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Christmas crafts with the Great British Florist

Creating your own Mistletoe Kissing Ball or Festive Wreath couldn’t be more satisfying or sociable than with the Great British Florist in Hereford.

Move over Kirsty Allsop, this is Heidi’s Crafty Christmas, or at least the beginnings of something green and festive.

One dark December evening seventeen ladies of all ages seated themselves in anticipation at the rustic workstations inside the studio that is The Great British Florist in Hereford’s town centre. We were here to learn how to make a ‘simple’ mistletoe kissing ball, to hang in our porches and welcome visitors with a seasonal kiss in time-honoured custom.

The Christmas music filtered through the speakers and we were greeted with mugs of steaming tea and coffee (mulled wine might cause some odd creations this early on!), and there was promise of cake and mince pies…already worth the trip!

We were swiftly shown how to reinforce the round florist oasis and make a hanging loop and then the fun bit really started. Supplied with a generous stems of eucalyptus, bay, laurel, holly and of course mistletoe, which we cut down to approximately five inches long, the idea was to poke the foliage into the oasis in a systematic and evenly balanced way.

It soon transpired that, sans ruler, none of us had any idea how long five inches was, and our balls were going to be rather more substantial than planned. This also meant that it would take somewhat more foliage to complete and became heavier to hold in your one hand, while frantically snipping and poking with the other. At this point some of us were ingeniously hanging them from doors, perching them on our empty mugs and maligning our lack of foresight.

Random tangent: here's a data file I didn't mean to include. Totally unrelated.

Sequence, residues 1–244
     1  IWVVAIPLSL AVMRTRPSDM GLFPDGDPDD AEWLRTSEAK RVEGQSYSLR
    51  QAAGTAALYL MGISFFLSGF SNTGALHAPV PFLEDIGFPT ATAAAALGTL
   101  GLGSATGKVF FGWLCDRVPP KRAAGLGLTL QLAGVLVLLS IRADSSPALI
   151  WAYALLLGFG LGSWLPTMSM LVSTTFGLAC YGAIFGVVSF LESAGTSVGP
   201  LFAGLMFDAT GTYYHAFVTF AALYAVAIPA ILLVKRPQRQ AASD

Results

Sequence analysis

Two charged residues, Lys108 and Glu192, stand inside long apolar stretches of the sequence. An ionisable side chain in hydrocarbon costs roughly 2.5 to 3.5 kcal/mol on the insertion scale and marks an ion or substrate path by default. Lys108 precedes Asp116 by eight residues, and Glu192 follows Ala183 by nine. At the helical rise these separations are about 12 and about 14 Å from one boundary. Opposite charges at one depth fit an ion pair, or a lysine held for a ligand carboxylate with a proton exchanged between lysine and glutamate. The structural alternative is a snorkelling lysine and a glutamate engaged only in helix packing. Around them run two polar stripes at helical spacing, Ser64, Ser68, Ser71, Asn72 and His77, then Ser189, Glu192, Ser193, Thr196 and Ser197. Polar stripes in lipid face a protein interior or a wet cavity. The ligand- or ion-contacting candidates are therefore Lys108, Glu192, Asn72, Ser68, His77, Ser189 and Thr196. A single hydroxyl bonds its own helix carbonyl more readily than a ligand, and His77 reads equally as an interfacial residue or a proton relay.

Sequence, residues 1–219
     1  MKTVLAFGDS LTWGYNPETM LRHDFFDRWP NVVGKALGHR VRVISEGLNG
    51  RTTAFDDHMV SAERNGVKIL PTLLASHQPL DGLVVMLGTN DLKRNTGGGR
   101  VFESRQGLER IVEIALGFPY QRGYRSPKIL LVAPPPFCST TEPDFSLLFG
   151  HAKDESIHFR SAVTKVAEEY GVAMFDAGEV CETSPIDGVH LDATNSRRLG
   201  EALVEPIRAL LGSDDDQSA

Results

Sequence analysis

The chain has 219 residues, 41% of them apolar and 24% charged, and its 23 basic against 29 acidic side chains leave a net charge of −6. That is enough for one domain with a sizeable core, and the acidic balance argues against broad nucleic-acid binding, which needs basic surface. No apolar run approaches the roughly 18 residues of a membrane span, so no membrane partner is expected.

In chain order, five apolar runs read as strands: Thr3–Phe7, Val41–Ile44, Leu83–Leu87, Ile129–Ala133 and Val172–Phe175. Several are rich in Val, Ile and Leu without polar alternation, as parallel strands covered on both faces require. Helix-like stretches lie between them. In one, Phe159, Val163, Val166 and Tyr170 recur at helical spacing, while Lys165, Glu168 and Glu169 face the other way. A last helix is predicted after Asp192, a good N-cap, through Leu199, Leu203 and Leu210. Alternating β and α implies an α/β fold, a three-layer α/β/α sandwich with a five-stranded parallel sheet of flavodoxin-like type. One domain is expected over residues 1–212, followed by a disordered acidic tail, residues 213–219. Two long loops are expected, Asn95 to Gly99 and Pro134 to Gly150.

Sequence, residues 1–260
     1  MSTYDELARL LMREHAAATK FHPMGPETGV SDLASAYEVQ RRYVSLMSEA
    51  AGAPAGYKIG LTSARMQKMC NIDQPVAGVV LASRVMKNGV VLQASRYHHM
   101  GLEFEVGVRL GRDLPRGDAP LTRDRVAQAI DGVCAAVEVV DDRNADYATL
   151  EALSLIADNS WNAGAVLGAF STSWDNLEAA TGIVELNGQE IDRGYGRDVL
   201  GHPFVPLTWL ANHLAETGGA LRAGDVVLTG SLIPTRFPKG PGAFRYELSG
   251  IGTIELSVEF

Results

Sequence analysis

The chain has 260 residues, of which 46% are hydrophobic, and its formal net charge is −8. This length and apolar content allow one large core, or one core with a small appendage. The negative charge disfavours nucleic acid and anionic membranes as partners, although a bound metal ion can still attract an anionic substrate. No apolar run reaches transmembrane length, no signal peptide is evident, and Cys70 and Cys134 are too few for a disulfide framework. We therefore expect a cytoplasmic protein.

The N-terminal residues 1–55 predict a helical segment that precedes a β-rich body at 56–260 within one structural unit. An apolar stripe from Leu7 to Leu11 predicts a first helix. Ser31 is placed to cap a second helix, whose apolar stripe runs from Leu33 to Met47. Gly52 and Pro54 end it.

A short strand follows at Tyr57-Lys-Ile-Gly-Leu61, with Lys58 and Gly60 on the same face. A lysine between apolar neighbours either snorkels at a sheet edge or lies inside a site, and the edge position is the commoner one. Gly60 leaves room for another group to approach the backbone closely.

Our bemused faces and studious rectifying did however make excellent material for talented local photographer Natalie Jolley who was recording the night for posterity, or possibly just her own amusement.

By this time we were also making friends with our fellow creatives, helping to source larger leaves to fill gaps and topping up on much needed tea. This was becoming warm work! Finally, a little reward, in the shape of cake, biscuits and mince pies, and the realisation that we’d spent nearly two hours just creating this ‘simple’ ornament.

Finishing our masterpieces with a flourish of festive red ribbon, we held them aloft in admiration. They weren’t half bad, certainly good enough to hang in public and admit to the work.

Bestowing eachother with mutual admiration, we left beaming with our creations in tow, musing on where we would hang them – somewhere cool where they could be sprayed with water and not ruin a floor.

Perfect to go alone or with a great group of friends this was a relaxing, sociable and even productive occasion; it certainly got the creative juices flowing. As we chattered about our ambitions to expand into more elaborate displays, something tells me that just creating a second ball to balance the other side of my porch may be enough to manage this year!


For more fun floristry workshops running all year look here at the Great British Florist courses.